Meeting a slave and an adict What makes my plan so difficult is the fact that most blacks and coloureds don’t think about time in the same way as I do. This means that when I ask them questions that deal with the past or the present, they have a completely diffe-rent perception of time. Most of the time their age is very unclear. Time is related to events. Things like Mandela gets free in ’90, elections in ’94, ’87 big fights in Alex, et cetera.
So all the questions cause confusion for them as well as for me. So, I have to do this in a different way. So many bad things have happened that questions concerning fear are being avoided. Whites on the contrary are very specific in their answers. This has happened, this hasn?t, et cetera. I must develop different tactics.
I start to understand more and more what the film should be like. I think, the same as applies to most of the other things I do, that my sources of inspiration are the place, or the moment, the energy somewhere or the people. Here it is the people. The People in South Africa: their future, et cetera. But it’s about much more universal feelings and images. All the events could also take place in North America. It is only necessary for me as a maker to do it here. Here, where everything is so extreme. Where nature and cities are a large, visual extreme paradise. Where power and force are constantly very clear at the surface.
Many of the things I write down in my report will find a place in the film, but the why and the how will originate from my imagination. I want to make it even more extreme. More absurd. I don’t think I want to hear many words in the film. In the meantime the day has gone by. What a day it was. What extre-me situations.
A small photocopier’s annex printer’s. I talk to the black guy who belongs to the shop and is being sold together with it again and again. He just belongs to one of the machines. He really has such a bourgeois mentality. He wants his children to become doctor and nurse (son and daughter). He doesn’t want to loose his job, and he wants to have a car.
Then we go to a transhipment company in catering articles. The director of the company, a progressive type, allows me to talk to everyone. I talk to 4 employees, 3 black guys and an Indian woman. One of the boys is great. The new South Africa. Dynamic, brimming with ambition. But he is so western. Far away from his parents. I don’t know if I like it, or not. That terrible American system spreads unchecked. He will cope. The others are not so special. They have the usual problems. One has a son who drinks himself to death. The other one cannot raise her daughter. And dumped her with an aunt.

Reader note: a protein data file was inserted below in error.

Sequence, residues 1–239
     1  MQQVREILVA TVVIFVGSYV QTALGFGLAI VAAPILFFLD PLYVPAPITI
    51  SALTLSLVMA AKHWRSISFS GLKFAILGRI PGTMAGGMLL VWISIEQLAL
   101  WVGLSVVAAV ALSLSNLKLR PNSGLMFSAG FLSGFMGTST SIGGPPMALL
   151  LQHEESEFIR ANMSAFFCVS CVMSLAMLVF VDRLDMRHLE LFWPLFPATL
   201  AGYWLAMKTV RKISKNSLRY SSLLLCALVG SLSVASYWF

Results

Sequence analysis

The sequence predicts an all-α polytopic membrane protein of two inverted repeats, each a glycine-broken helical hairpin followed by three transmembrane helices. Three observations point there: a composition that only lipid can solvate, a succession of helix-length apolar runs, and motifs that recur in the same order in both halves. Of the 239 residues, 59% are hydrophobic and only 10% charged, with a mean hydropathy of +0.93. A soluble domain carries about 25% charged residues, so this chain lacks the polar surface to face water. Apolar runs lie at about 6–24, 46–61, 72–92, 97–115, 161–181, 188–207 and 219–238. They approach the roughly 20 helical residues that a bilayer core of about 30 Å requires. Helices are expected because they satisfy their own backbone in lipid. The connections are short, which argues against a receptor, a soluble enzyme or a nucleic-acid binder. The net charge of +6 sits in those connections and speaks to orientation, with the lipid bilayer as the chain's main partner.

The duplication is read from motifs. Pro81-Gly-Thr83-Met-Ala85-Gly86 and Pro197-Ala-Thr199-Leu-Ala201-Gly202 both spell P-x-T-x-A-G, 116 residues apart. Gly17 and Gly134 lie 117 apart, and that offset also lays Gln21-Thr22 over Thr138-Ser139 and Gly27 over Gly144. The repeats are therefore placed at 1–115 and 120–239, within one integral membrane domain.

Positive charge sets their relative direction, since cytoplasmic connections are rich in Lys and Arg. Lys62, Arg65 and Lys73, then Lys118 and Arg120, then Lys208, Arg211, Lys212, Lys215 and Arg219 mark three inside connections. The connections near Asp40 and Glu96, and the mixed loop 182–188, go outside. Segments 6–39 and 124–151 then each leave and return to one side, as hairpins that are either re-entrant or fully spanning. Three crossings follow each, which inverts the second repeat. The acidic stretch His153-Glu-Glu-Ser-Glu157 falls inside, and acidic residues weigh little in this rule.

During all these conversations I realise that this are not the people I must talk to. They don’t stimulate my imagination. They?re not extreme enough. I’ve heard all this before.
After that I talk to the other director. Very scared and very rich. We were not allowed to tape it, so we did it secretly.
And then again to a completely opposite situation. A squatted house where only artists live. Sort of a Tetterode (famous squat in Amster-dam) in the first year. But than in ’78. In feel flashbacks everywhere and in everything. The struggle between people about whom can stay and who cannot. Who is too much of a junky and who isn’t. But they are all very drugged. I meet Vuil (is a boy) after 4 years. He?s a great artist, but he’s on hard drugs. He lives in the cellar in a kind of safe with a 5-year-old child and a girlfriend (totally bummed). But he makes really beautiful things. I don’t tell him why I am here. I only lis-ten. And I hear beautiful stories. Full of pain. Full of frustration. Pain about being white. Pain about parents who don’t understand them. But besides this there is also so many energy for their art. I hope they will manage. It is really beautiful here. And together they are very strong, despite everything that they don’t have. They want to start an art centre. The rooms are beautiful.
I think that in ten years time, if drugs haven’t destroyed them by then, they will become very ambiti-ous people who will own centres like Oibibio (New Age Centre in Amsterdam). No, more art orientated centres. They only think about the usual ideals like ‘save the planet’.
Tomorrow morning we will fly to George at 6 o’clock. We will be picked up there.
Cathy rings round half of South Africa for appointments. She now has a mobile phone, which doesn?t completely work yet, but I suppose it will tomorrow.
Problems with the mobile phone